I believe that in southern Sardinia, the only reality victim of the depopulation of the historic center is Cagliari, the capital, the city where I live. Over time, the historic neighborhood has emptied of its inhabitants to favor the spread of small hotels and bed and breakfasts; a phenomenon whose consequences have spread not only in the historic neighborhood but also in the rest of the city, where residents struggle to find rooms or apartments for rent, both due to excessive cost and the owners’ willingness to rent exclusively for short periods, leaving the houses vacant for incoming tourists during peak seasons. However, in the central Sardinian locations and in more rural areas, which already suffer from depopulation due to lack of job opportunities and logistical limitations, numerous attempts at repopulation take place, such as urban redevelopment projects for one-euro houses or scattered hotel activities, and thanks to tourism and remote work, a balance between benefits and disadvantages is often achieved.

There is no doubt that social media have profoundly transformed everyone’s lives. In your film, they contribute to changing people’s lives in a somewhat “sweet” and semi-random way. But now Facebook, Instagram, and others have lost their original “social” function and have become sophisticated marketing machines for professionals. Moreover, everyone is busy taking pictures and filming the world instead of living it. What do you think?

With my film, I wanted to accurately represent the dual nature of this phenomenon. I was born in 1997 and grew up alongside the proliferation of social media platforms; it can be said that I grew up with and through social networks. Therefore, I realize that I am also often a victim of these unconscious and superficial mechanisms, which lead us to recognize and validate only what is within the narrow field of the cell phone camera, without pausing to consider what our broader and more concrete gaze captures externally to it. Cinema helps me a lot in opening my eyes, but often I still find myself searching for the spontaneity that has been lost with social networks, which made them a medium suitable for consolidating relationships and satisfying the social need of humans, while now they often play the role of social isolators and propagators of messages crafted in detail with not always noble purposes. It is undoubtedly necessary to recognize the potential that the medium still has as a source of memory, an opportunity for cultural growth, and, as the protagonist of the story teaches me, rediscovery of a rejected sociality that begins online but then materializes offline. This is how suddenly “the blue house of San Salvatore” is known even by those who have never set foot in San Salvatore, and an average user scrolling through their feed already knows that upon entering the town, there will be a gentleman offering them coffee, and they will look for him even though they have never met him – at least not offline. It would be inappropriate, therefore, to define the potential of the medium solely as negative and the consequences of its use only as hostile, but it would be equally naive not to weigh the superficiality and emptiness to which it often leads, which could be overcome by stopping for a moment to reflect on one’s intentions.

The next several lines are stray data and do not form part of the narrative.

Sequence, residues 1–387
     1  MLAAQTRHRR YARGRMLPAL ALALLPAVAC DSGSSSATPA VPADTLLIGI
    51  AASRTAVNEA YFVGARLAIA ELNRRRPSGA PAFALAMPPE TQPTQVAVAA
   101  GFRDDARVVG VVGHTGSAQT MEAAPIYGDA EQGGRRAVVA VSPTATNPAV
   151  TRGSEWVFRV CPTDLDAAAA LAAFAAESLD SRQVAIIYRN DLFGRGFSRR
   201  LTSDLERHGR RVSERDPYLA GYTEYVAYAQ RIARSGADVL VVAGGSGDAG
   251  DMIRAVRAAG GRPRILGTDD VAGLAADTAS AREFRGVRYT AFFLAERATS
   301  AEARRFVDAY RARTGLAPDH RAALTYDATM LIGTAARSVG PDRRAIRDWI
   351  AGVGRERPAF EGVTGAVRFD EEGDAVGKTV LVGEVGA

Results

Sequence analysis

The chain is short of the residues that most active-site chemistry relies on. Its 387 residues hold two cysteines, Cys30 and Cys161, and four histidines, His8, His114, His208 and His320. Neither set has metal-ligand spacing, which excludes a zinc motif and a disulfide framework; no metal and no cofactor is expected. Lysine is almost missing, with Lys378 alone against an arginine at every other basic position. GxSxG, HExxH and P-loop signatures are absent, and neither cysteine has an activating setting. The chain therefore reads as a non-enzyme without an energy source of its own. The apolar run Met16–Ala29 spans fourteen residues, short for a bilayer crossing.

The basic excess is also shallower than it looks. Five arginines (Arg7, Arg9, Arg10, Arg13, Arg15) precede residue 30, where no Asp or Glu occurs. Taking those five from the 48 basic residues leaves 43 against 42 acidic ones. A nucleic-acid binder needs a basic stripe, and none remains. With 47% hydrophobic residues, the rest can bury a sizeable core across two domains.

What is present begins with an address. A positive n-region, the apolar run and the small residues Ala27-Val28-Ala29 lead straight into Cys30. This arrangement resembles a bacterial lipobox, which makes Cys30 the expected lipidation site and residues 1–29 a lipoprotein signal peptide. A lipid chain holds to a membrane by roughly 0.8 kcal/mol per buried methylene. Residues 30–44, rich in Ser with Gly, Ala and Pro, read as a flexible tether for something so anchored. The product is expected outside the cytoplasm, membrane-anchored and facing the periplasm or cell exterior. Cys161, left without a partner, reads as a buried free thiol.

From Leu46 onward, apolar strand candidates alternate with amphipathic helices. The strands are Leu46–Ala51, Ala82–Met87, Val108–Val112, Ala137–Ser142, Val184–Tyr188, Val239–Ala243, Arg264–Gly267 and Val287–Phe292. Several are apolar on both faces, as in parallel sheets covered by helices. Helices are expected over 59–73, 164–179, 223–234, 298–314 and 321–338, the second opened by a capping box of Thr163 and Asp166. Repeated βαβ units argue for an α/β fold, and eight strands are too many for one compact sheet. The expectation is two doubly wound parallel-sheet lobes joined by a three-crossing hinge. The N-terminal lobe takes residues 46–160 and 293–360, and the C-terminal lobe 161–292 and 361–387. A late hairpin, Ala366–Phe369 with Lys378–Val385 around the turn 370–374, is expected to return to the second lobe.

Tell us about yourself. How did you get into cinema? What were the important stages of your training? Did you have mentors who influenced you in a particular way? Is cinema your main profession or could it become one?

Cinema is something that has always fascinated and attracted me since childhood. I have always pursued this passion by collecting hours of movies and TV series, and in adolescence, I often tried to represent my world through videos or photographs. After obtaining a degree in Cultural Heritage and Entertainment, I decided to continue my academic path with a master’s degree in Multimedia Production. It was here, during the two years of attending the course, that I had the opportunity to immerse myself in the world of cinema, among the professionals in the photography and later, directing departments. The fundamental step in my training was attending the Directing Workshop with Salvatore Mereu, a workshop lasting a few months focused on the production of the film “Bentu” (2022), which took us to the Venice Film Festival and earned a nomination for Best Non-Original Screenplay at the David di Donatello Awards 2023. The experience with Salvatore Mereu was essential for me, an opportunity to fall even more in love, if possible, with cinema, to get to know the Sardinian film industry, and to professionally engage with the production process of a film for the first time. From that moment, my path was clear to me, and I seized every work opportunity that came my way, working on various projects, from documentaries to short films to serial productions. When I had the opportunity to produce my own project, I realized the need to tell my worldview through a camera and understood how important it is to have the opportunity, and the trust, to propose one’s perspective to an audience. Cinema will remain my greatest passion and aspiration, but I will continue to pursue it and study it in all its forms, not limiting myself to production: at this moment, in fact, I am a research fellow for the University of Cagliari, participating in a project mapping cinema in Sardinia. Additionally, I participate in PCTO activities in high schools, guiding students in creating small short films, and recently started teaching a Screenwriting and Storytelling Workshop in the Faculty of Communication Sciences at the University of Cagliari.